Sorry, I didn't get an "American" car.
Here is my story of our latest car purchase. Actually, we leased it because lease rates are low and I like to turn them in and not have to resell.
It is not as though we have not ever bought cars. We always used to do so and have bought many, but it seemed to me that after a few misadventures with car ownership, why not just try leasing for a change, as an experiment. We have since happily been doing so for the last 12 years and have had better service and even better cars (that did not come with problems, like broken windows) than when we bought them. Sure, we don't own them, but that is about the only problem we have had with the experience. We just use them and turn them in. We hear it is now very mainstream.
Since my lease finished a year ago, buying my Mercedes ML 350 instead of turning it in was one possibility. Then, I renewed it for a fifth year. Recently, the price to buy it would have been $15,000 and that is about the norm for a five year old Mercedes ML350. It had been new with everything I wanted in it and less than ten miles on the odometer when I got it. I had delayed turning it in with nearly 60,000 miles on it because of not being sure about the future and what I might want, and because Paul had leased an Acura MDX in the meantime, and Amy a Jeep Liberty. None of us drives that much, we fly, and we just want cars that don't give us any trouble.
I test-drove an Acura RDX, because I like Acuras and the dealer and dealership, already having had a Legend, but decided that the suspension was not as strong as I wanted. Noticed paving in streets I hadn't noticed while driving the Mercedes.
I also tried the Lexus 350 as well as the Mercedes ML350, and Jeep Laredo (thinking it would be a cheaper alternative). There was a friendly saleswoman at the Jeep dealership to their credit. The Jeep itself was nice, but it came out costing as much as the Lexus to rent, which was only $40 less per month than the Mercedes, all with the same up front cost of $2500.
Having had Mercedes Benz SUVs for nine years, and really loving them, also liking the dealer and dealership, I was worried about trying something different, maybe straying to something I might not be happy with in the long run. I considered buying it, too, but the cost came out to almost the same amount as leasing over the next 42 months.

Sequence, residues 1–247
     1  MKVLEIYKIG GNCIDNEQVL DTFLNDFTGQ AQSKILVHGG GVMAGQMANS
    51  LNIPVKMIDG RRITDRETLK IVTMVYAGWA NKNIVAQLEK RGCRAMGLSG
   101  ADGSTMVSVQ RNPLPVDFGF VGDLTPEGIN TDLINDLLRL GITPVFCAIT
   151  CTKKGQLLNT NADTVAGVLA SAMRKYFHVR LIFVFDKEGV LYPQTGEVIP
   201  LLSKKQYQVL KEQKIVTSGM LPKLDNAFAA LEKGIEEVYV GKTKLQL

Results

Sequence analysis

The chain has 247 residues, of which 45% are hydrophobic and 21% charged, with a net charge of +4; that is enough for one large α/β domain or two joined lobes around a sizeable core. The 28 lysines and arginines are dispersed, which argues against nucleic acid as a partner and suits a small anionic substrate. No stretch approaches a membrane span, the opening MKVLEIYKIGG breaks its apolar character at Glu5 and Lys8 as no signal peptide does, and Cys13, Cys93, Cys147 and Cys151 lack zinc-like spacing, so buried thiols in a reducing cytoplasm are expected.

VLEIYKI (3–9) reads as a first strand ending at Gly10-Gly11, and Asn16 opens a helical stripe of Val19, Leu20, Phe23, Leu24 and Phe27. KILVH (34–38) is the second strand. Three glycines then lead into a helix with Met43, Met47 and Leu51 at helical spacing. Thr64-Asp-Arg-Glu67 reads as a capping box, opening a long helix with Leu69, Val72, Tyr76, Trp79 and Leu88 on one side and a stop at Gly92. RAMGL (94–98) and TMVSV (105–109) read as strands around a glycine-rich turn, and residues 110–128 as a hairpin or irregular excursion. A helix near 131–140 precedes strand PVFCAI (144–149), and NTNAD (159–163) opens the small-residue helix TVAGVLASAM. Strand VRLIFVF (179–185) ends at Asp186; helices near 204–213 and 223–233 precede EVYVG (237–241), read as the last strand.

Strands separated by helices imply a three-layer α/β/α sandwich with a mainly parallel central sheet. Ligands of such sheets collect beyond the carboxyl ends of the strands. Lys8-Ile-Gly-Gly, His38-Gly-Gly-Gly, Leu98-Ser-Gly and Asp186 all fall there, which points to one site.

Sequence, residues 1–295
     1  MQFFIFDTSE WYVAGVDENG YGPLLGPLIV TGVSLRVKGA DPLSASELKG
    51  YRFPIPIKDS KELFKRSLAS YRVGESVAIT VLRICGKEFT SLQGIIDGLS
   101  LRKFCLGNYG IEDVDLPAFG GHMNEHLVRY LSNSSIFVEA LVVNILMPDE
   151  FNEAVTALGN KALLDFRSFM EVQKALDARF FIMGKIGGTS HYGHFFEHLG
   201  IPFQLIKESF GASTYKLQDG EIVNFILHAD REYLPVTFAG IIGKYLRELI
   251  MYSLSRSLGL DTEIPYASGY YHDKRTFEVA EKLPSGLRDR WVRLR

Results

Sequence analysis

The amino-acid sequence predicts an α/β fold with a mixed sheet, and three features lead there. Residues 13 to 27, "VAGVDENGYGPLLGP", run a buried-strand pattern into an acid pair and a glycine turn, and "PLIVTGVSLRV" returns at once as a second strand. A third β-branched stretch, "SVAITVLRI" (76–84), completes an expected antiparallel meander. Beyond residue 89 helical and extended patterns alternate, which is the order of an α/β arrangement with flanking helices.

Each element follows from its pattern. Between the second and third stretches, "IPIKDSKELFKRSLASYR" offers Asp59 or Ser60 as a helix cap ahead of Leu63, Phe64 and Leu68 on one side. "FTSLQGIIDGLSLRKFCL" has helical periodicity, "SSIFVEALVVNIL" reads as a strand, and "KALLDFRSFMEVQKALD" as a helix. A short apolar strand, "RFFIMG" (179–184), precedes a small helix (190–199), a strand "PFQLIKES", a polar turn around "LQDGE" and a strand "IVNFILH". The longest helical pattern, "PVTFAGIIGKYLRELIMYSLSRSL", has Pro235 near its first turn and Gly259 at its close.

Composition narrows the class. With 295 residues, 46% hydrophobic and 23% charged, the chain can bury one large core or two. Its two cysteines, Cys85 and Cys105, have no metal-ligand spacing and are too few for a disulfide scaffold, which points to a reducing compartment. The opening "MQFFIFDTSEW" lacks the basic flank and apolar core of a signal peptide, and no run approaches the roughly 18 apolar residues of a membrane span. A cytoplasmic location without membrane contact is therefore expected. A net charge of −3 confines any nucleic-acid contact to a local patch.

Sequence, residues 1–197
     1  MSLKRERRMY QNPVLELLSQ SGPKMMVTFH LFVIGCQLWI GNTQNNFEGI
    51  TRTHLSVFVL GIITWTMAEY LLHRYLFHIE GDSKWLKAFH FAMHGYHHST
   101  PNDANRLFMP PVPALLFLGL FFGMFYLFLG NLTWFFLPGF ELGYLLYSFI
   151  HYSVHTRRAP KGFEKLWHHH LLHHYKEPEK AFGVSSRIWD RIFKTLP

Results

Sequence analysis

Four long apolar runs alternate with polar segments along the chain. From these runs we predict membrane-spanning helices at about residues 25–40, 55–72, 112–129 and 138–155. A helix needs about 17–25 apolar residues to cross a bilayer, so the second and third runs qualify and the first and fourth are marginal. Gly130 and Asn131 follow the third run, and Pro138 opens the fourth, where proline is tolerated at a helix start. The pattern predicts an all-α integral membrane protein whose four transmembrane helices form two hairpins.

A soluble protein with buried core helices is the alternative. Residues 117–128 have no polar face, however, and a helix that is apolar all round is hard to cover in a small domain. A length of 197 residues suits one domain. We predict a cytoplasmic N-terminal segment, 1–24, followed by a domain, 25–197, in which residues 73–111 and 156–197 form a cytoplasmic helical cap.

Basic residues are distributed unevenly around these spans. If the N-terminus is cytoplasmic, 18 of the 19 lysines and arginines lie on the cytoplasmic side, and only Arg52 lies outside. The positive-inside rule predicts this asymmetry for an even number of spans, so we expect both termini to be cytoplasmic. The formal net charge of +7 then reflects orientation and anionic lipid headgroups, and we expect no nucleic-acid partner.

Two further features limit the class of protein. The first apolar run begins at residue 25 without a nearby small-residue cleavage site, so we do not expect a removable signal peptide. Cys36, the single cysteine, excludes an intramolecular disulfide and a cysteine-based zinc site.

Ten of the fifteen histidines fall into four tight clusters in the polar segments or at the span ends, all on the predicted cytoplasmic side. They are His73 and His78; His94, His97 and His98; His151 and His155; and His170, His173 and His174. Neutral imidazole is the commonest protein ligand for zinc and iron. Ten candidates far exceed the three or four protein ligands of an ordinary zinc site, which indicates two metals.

Since "life is short" and "variety is the spice of life" I decided to test-drive the Lexus. To my surprise, at the Lexus dealership, there was a female saleswoman when I asked for one. Carol said she had been at Lexus for a year. It made me feel more comfortable taking a test drive with a woman. I relaxed more, and finally chose the Lexus 350.
As the papers were signed, I met many wonderful Lexus employees, including Mike, employed to show new car owners (and leasers) how to use the rather complicated electronics in the car. My Mercedes didn't have a navigation system, automatic trunk-opener, automatic headlights and automatic windshield wipers. My portable TomTom GPS was doing a superlative job helping me navigate the Mercedes, but kept dropping off the windshield.
Now, a few weeks later, I like the Lexus a lot. I especially like the automatic features. Only the trunk-opener and navigation system would have been part of the Mercedes competitor. As for the automatic headlights and windshield wipers that speed up and slow down, I do really like them and wonder if they are the wave of the future, the way automatic transmissions squashed manual transmissions in years past. The special feature called "ECT snow" very effectively clamps the car to the road and feels safe rounding corners in wet conditions. The Lexus 350 is not as heavy an SUV as the Mercedes and a little wider, and I am still wondering how it will work six months or a year down the road.
I did feel mildly disloyal not getting the American car, the Jeep Laredo, not a top-of-the-line Jeep. I cannot sugarcoat it. At least I looked at it. Many American cars are doing huge business abroad.
Acura cars are assembled in Canada, Mercedes are assembled here in America. Car salespersons have told me to consider the country of a car's origin as of paramount importance, specifically if it's the United States, to support our country. In the end it came down to style, price, features and availability. The fact that Lexus came from Japan fully loaded was actually minimally important on my list of priorities.
Not sure where American car manufacturers, parts makers and dealers are going, now that the auto bailout failed last night in Washington, but not many people my age or younger are interested in buying American cars. Buicks, Pontiacs, Cadillacs and so on and so forth need to find more buyers here, and fast, despite falling behind international competitors.